The pancakes are ready to flip when about 1/2-inch of the perimeter has turned from glossy to matte. Better to wait a little too long than to end up with a doughy mess.
Serving Suggestions for Oatmeal Pancakes
Classic pancake toppings are welcome here—try a drizzle of maple syrup, fresh fruit (sliced banana or fresh berries), or even whipped cream.
For some extra protein and nutty flavor, add a spread of almond butter, pecan butter or peanut butter. Or, serve with a side of Greek yogurt.
More Healthy Oat Recipes to Try
You’ll find a ton of wholesome and legitimately crave-worthy oat recipes here on Cookie and Kate. Here are a few of my go-to’s:
- The Best Oatmeal
- Blueberry Baked Oatmeal
- Cherry Pecan Muesli
- Easy No-Bake Granola Bars
- Gluten Free Oat Waffles
- Overnight Oats
Please let me know how your pancakes turn out in the comments! I love hearing from you.
Blender Oatmeal Pancakes
- Prep Time: 5 minutes
- Cook Time: 15 minutes
- Total Time: 20 minutes
- Yield: 12 pancakes 1x
- Category: Breakfast
- Method: Blender
- Cuisine: American
- Diet: Gluten Free
This oatmeal pancake recipe is super easy to make in the blender! These healthy pancakes are perfect for busy mornings. They’re whole grain and gluten-free. Recipe yields 12 pancakes, enough for 4 servings.
- 2 cups old-fashioned oats or quick-cooking oats
- 1 cup water
- 1 medium ripe banana (the riper, the better), sliced into 1-inch chunks
- 2 large eggs
- 2 tablespoons maple syrup
- 2 tablespoon melted butter, plus more for brushing the skillet if needed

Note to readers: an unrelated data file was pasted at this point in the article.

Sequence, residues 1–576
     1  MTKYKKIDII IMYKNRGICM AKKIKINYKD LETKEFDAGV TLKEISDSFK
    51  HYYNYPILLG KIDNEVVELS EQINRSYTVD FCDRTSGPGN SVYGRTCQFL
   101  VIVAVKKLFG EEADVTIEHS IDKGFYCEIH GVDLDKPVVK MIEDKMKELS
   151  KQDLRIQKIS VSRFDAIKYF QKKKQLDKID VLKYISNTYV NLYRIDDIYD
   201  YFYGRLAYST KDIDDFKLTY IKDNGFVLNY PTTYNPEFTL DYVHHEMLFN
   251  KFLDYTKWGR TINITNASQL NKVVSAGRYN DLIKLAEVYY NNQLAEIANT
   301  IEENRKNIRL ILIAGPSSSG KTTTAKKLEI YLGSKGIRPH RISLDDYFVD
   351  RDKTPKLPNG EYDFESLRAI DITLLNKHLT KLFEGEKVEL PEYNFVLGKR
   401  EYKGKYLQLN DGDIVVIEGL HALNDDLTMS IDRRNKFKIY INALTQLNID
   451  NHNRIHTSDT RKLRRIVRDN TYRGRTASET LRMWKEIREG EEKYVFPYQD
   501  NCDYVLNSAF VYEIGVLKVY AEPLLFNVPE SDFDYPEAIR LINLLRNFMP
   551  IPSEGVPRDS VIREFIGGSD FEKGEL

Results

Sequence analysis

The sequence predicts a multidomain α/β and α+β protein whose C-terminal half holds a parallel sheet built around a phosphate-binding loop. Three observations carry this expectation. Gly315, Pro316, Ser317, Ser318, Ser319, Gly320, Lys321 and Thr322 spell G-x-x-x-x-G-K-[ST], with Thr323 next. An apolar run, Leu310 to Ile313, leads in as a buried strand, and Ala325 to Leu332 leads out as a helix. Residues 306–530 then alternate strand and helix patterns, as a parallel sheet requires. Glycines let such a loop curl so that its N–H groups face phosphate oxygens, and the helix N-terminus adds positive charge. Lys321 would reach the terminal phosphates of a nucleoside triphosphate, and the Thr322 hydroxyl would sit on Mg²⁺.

- 2 ½ teaspoons baking powder
- 1 teaspoon vanilla extract
- ½ teaspoon ground cinnamon
- ½ teaspoon fine salt
- Optional serving suggestions: Thinly sliced banana, maple syrup, almond butter or peanut butter
- If you’re using an electric skillet, preheat it to 375 degrees Fahrenheit now (if not, carry on and you’ll find a stovetop alternative in step 3).
- In a blender, combine all of the ingredients as listed. Blend at medium-to-high speed until smooth, about 30 to 60 seconds. Set aside.
- If you are not using an electric skillet, heat a skillet (ideally cast iron) or griddle over medium heat. You’re ready to start cooking pancakes once a drop of water sizzles on contact with the hot surface. If your surface is not non-stick, lightly brush the cooking surface with melted butter.
- Using a ⅓-cup measuring cup, scoop the batter onto the hot surface, leaving a couple of inches around each pancake for expansion. Cook until small bubbles form on the surface of the pancakes, 2 to 3 minutes (you’ll know it’s ready to flip when about ½-inch of the perimeter is matte instead of glossy).
- Flip the pancakes, then cook until lightly golden on both sides, 1 to 2 minutes more. Repeat the process with the remaining batter, brushing with more butter and adjusting the heat as necessary (if your pancakes are browning too deeply, dial down the heat to medium-low).
- Serve immediately or keep warm in a 200 degree Fahrenheit oven. Serve as desired.
- Leftover pancakes can be stored in the refrigerator for up to 3 days, or frozen for up to 3 months. To reheat, stack leftover pancakes and wrap them in a paper towel before gently reheating in the microwave.
Recipe adapted from Two Peas & Their Pod and Ambitious Kitchen.
Make it gluten free: Be sure to use certified gluten-free oats.
Make it dairy free: Substitute melted coconut oil for the melted butter.
▸ Nutrition Information